Gonfalon, or banners have a long Heraldic tradition going back thousands of years. Rectangular pieces of cloth, often yards wide, identified ships in ocean battles, or medieval troops on horse. Capturing and displaying the enemy’s flag, or gonfalon, was the crowning proof of Victory (along with a few heads on pikes!) and were often displayed for decades in churches and castles.
I don’t recall where I got the idea of making decorative gonfalon. No one else, that I know of, was doing anything remotely like it. But around 1966 I constructed my first banner; a 1) rectangular, 2) hand-stitched, 3) decorative 4) cloth design. I made these decades before the quilting craze began. I did not make a preliminary design, but worked directly with cloth scraps; cutting, shaping, pinning and sewing pieces as seemed harmonious or striking.
Growing up on an apple farm in rural New York State my sisters and I all learned, through 4-H, to sew our own clothes. By high school years, I was making wool suits and ball gowns. One by-product of sewing is scrap cloth of odd shapes and dimensions. They have little use, but are too pretty to throw away. I saved all the scraps in boxes and used them for banners.
The banners are time-consuming to sew because every raw cloth edge has to be turned under so that no threads will unravel. This is especially difficult for curved or sharp-angle cuts like those in “California Coast, Ocean Wave” banner, a commission from Audrey Goldman (#22).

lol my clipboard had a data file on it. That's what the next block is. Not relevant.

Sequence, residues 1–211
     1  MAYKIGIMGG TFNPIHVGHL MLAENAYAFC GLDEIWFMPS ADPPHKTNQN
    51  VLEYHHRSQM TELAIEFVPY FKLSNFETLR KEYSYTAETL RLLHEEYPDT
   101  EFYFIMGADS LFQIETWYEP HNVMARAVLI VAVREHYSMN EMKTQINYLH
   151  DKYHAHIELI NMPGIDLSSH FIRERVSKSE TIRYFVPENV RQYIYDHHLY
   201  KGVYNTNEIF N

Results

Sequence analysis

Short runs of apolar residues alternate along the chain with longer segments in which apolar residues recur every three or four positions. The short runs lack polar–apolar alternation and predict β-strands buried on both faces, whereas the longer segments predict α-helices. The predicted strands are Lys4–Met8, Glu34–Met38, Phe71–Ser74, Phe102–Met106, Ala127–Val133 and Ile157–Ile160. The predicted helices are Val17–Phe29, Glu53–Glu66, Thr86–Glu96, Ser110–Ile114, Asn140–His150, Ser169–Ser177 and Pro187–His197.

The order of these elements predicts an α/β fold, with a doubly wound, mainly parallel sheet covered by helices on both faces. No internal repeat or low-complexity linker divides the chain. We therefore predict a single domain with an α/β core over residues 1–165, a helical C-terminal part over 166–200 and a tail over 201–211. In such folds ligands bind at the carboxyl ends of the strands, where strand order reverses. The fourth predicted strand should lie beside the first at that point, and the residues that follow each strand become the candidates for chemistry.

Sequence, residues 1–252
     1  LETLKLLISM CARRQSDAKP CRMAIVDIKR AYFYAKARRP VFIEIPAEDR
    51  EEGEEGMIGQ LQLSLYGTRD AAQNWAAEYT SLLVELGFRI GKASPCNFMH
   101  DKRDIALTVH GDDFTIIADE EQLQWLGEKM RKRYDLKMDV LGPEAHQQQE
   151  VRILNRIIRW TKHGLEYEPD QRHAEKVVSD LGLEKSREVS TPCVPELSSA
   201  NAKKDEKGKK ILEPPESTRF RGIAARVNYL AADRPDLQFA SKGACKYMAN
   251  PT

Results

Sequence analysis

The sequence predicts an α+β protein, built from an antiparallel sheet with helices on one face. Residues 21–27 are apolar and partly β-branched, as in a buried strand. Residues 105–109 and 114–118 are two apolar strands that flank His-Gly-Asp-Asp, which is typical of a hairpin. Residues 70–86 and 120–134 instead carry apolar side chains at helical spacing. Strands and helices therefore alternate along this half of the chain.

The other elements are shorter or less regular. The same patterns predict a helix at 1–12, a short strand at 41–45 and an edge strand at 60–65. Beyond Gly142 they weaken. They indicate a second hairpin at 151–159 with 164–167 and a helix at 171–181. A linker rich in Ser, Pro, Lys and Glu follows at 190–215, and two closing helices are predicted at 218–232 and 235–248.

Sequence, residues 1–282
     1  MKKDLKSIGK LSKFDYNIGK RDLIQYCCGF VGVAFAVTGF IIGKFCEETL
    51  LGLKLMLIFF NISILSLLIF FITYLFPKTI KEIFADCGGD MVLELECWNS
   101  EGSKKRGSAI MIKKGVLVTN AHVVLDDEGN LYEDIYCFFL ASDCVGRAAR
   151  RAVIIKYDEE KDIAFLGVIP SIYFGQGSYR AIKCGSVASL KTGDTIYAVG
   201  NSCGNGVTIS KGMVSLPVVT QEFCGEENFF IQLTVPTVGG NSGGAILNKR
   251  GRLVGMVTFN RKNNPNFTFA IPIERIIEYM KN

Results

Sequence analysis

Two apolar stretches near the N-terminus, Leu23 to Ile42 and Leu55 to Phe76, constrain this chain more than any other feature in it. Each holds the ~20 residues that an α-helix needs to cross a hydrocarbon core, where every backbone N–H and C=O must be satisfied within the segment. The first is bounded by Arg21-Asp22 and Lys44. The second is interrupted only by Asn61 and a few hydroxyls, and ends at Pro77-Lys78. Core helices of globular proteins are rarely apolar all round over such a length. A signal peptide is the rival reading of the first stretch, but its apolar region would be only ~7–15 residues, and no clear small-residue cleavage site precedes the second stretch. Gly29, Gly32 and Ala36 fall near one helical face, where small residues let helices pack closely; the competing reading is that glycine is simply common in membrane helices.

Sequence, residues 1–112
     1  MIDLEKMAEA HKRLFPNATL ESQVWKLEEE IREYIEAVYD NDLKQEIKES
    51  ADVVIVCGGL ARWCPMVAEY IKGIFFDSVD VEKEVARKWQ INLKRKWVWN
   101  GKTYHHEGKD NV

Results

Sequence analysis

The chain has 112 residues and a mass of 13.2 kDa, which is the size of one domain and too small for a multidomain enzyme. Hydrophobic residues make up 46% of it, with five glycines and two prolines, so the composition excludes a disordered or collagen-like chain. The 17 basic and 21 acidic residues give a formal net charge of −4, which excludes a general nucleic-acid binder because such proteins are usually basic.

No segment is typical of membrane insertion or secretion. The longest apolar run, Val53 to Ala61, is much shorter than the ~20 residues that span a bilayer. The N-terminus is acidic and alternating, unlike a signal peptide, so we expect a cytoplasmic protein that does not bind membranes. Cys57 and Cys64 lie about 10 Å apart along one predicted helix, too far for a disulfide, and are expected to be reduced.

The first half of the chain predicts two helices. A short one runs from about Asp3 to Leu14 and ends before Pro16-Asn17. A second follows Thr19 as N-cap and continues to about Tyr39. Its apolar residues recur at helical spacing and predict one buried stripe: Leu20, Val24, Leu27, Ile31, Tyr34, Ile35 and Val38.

Several organizations commissioned me to make logo, or “name” banners, including the Katonah Gallery (#01-#02), now the Katonah Art Museum, and the Hastings Institute for Ethics and the Life Sciences. The “Pentecost” banner was also a commission (#33).
My earliest banners were abstract designs. (See #03-#19.) Sister Mary Corita Kent’s serigraphs were an influence for some. Near the end of my banner production period, I began using motifs from other cultures such as Japan (I was teaching Japanese Art History), Africa, or the Neville family (#20-#32). The “Wedding White” banner used satin from my wedding dress (#06) and “Baby Presents” (#07) used the gift package ribbons for our daughter, Leonora’s, birth in 1970.
Only one banner, “Shaped Canvas” (#18), reflects the 1970’s creative period, when I was making large sculptures out of plywood and canvas. The design is directly based on the graphics’ patterns for those works.